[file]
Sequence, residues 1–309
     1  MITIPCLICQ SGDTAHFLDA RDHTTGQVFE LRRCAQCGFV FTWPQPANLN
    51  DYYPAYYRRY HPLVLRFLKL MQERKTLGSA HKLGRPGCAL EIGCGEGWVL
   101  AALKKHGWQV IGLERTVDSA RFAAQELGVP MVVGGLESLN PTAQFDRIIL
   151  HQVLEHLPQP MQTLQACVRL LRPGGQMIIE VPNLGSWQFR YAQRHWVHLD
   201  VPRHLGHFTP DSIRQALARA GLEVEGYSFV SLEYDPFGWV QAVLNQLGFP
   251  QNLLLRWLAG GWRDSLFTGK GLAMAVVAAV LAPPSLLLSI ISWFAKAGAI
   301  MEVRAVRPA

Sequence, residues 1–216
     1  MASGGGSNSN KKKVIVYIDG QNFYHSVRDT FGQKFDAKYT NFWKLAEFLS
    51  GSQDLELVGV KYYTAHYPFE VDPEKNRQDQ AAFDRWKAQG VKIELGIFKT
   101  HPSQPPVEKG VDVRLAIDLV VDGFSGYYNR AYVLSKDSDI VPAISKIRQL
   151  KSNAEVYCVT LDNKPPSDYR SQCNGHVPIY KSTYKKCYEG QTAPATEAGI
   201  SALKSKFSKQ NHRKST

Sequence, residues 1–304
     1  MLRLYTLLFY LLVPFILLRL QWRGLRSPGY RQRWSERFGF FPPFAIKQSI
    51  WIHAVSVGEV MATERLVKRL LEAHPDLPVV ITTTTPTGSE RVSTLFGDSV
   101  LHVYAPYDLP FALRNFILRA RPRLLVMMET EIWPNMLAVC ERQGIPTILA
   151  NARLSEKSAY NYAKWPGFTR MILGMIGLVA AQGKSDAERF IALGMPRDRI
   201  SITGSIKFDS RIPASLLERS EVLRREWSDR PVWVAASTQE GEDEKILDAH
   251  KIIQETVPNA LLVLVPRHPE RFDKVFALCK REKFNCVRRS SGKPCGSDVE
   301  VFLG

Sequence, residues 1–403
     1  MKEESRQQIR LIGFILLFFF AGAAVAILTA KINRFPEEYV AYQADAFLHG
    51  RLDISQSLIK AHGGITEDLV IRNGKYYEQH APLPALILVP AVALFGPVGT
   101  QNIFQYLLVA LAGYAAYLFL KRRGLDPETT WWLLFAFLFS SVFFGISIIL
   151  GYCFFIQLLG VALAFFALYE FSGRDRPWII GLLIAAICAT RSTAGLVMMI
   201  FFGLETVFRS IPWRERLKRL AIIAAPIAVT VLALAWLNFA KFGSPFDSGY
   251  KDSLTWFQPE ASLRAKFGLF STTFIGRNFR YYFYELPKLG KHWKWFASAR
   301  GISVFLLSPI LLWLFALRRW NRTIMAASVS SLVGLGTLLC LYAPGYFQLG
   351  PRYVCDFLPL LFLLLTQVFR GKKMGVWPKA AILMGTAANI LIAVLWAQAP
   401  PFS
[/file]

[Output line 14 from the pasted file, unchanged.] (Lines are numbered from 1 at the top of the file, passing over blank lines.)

   201  SALKSKFSKQ NHRKST